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Installing elevator and rudder hinge pins

9 posts in this topic

Posted (edited)

Have you struggled with this?  It seems that when you stretch the fabric on the elevator and rudder, it slightly distorts things and makes it hard to get the pins in.  Last week I put those parts back on my Avid and this is what I came up with that made it much easier.  Took an old 3/16" bolt, cut the head off, and tapered the other end.  Drove the tapered end in first, then followed it with the hinge pin.  The taper helped line the hinge parts up, and the hinge pin followed through.  To drive the pins in I used a 2' long piece of 1/4" x 1" strap I had handy.  Held the strap perpendicularly to the pin and pounded on the edge of the strap close to the elevator or rudder.  JImChuk

PS  sorry I put this post in the wrong section. Should have gone into the technical tasks section.  Maybe someone can move it??? 

Photo08223 (2).jpg

Edited by 1avidflyer
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Posted (edited)

Looks like a good place for it to me.  Sounds a lot easier than getting the tubing into, or out of, the hinges.   EDMO 

Edited by EDMO

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Posted (edited)

Good stuff! I am not a fan of that task! Moved over to technical tasks. 

Edited by C5Engineer

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Posted

Great idea! About to need it as I pull and inspect each of my elevator and rudder pins, thanks! We used to call them "drift pins" or "fids" once upon a time.

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Posted (edited)

Nick,  You may know this, but writing it for everyone's info:  I have read that some of the original elevator and rudder bushings were made from a "Poly" tubing which is a softer material than Nylon tubing.  I think that Kitfox may have issued a Service Letter on this?   I found wear on my KF2 bushings after only 75 hours of use, and replaced them with Nylon tubing.  This could have been caused by slight misalignment, and I don't know what kind of bushings were in it originally.  I am sure you will check the bushings for wear while you have the tail apart.  I doubt that you will find wear on the pins, but would be interested in hearing what you find.  Are you supposed to lube those pins?  EDMO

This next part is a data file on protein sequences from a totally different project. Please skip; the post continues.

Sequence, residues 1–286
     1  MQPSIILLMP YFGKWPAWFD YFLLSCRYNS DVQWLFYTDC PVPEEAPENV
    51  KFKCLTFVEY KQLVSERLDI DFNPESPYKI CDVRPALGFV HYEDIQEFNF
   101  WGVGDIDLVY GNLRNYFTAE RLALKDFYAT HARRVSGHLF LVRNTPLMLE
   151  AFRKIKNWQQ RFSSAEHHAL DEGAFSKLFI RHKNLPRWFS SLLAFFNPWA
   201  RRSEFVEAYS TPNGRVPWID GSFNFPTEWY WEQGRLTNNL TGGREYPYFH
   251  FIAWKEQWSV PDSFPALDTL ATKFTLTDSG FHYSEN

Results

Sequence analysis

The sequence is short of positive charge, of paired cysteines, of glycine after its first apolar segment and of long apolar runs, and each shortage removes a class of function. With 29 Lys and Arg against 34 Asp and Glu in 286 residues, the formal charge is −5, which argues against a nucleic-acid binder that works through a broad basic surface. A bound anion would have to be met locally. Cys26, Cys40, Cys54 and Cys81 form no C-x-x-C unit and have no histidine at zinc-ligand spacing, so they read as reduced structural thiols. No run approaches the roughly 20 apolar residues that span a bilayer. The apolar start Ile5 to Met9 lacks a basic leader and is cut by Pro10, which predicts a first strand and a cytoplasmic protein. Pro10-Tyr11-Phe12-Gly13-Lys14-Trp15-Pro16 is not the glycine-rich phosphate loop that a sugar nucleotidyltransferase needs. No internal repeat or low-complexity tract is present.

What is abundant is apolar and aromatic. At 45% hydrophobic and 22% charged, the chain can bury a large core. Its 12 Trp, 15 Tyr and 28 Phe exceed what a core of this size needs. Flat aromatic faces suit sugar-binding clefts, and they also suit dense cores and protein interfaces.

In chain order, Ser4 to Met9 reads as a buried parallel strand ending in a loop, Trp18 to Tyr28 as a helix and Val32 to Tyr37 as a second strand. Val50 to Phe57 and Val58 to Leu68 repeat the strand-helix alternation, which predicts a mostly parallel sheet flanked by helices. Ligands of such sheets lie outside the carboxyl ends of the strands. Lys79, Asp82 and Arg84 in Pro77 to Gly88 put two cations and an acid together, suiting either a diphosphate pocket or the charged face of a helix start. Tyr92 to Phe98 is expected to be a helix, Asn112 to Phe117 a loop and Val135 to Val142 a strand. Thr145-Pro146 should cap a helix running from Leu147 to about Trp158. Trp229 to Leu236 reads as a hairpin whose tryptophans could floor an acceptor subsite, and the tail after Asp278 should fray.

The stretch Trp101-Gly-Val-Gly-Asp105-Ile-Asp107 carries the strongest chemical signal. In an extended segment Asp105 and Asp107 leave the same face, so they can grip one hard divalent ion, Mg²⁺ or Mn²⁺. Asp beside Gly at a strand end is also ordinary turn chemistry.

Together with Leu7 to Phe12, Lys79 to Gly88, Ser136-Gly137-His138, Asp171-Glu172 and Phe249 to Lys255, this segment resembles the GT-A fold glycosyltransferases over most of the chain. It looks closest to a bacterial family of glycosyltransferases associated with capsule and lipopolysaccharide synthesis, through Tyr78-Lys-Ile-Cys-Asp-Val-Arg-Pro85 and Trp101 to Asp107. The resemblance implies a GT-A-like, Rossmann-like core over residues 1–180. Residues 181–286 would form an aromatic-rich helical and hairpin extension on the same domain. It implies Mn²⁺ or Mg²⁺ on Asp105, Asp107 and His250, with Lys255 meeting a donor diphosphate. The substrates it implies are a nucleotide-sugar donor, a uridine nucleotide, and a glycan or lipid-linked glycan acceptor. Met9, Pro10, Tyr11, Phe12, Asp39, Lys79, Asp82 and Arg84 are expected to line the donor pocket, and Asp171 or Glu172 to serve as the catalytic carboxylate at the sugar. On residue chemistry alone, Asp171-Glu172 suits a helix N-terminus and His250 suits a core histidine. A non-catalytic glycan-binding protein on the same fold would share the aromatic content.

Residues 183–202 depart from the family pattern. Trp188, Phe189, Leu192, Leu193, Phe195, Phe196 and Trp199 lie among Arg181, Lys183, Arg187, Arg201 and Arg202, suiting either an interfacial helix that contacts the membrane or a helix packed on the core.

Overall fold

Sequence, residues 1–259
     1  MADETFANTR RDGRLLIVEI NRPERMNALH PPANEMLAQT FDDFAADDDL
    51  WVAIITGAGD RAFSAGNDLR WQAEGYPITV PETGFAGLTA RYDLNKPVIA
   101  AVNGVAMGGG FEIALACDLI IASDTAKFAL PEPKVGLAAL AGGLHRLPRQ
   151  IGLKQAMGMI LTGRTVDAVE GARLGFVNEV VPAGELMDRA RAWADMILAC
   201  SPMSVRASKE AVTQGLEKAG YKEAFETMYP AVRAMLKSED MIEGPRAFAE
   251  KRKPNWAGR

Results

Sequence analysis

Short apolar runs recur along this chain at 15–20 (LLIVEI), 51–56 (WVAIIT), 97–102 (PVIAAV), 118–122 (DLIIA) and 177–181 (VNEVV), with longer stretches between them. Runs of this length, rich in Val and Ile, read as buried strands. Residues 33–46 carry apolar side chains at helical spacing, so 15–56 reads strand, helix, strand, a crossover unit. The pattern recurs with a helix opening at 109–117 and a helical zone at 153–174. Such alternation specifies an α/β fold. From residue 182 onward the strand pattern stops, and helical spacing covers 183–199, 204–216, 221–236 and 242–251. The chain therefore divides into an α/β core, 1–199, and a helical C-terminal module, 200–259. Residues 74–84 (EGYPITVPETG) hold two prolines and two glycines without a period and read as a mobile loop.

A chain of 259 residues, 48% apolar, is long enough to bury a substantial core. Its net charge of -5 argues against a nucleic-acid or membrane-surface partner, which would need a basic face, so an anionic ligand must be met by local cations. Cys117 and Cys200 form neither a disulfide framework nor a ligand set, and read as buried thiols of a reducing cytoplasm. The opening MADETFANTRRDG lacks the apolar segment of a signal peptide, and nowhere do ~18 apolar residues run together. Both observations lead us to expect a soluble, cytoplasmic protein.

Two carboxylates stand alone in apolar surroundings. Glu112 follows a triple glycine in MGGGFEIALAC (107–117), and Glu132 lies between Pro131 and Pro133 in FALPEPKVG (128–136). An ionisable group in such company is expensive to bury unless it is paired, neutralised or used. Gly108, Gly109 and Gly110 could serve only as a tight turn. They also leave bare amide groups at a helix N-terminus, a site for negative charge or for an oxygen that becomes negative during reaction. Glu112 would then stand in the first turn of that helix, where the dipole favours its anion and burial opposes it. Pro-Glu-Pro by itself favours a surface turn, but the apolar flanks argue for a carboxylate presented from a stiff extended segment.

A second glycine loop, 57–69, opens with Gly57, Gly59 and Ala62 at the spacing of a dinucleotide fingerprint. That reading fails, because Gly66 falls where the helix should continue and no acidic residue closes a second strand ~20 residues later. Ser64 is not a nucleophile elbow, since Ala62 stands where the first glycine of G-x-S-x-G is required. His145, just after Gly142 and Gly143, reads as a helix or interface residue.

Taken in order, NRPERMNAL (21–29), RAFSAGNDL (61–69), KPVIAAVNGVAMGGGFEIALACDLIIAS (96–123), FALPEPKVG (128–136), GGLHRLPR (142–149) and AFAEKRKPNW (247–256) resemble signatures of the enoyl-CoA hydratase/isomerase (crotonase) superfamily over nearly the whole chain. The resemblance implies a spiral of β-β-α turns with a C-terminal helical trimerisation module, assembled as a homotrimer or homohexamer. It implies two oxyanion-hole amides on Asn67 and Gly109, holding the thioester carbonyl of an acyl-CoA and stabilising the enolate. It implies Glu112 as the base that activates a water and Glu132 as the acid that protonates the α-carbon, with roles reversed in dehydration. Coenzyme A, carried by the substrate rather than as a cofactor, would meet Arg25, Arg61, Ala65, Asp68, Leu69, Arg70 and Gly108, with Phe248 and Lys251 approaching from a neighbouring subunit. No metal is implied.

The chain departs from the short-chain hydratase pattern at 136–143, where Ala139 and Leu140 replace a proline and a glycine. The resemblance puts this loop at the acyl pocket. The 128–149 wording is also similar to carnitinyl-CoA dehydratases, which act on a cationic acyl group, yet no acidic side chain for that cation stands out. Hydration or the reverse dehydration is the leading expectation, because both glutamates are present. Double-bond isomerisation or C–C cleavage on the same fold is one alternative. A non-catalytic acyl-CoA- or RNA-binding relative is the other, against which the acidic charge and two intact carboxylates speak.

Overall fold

Edited by EDMO
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Posted

If anyone needs that bushing material let me know. I bought 25ft of it....lifetime supply for about 30 airplanes. It was the smallest roll I could find that was the right OD/ID

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Posted

EDMO, 

Thanks for the info, I didn't know but would have found out!  The pins all look good externally, but the bird is 23 years old so it's worth a peek.

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Posted

Just a reminder guys that your rudder cables use this same material in the guides all the way down the fuse. I found mine were clear through at one point and the cable was rubbing on the metal tube. Also these ones are required to be split to get over the cable and they naturally tend to rotate to where the split goes around the cable. The ones right behind the doors have the most load on them due to the angle and are easy to inspect.

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Posted (edited)

Just a reminder guys that your rudder cables use this same material in the guides all the way down the fuse. I found mine were clear through at one point and the cable was rubbing on the metal tube. Also these ones are required to be split to get over the cable and they naturally tend to rotate to where the split goes around the cable. The ones right behind the doors have the most load on them due to the angle and are easy to inspect.

One idea on splitting the tubing - cut it on an angle, so the slit will never completely line up with the cable.  My forward ones by the doors got completely worn into on KF2, so on my new build I changed those tubes to 3/4" in order to put thicker Nylon bushings there and to help with the misalignment that most of them have.   If you are replacing the cables, you don't have to split the tubes.  EDMO

Edited by EDMO

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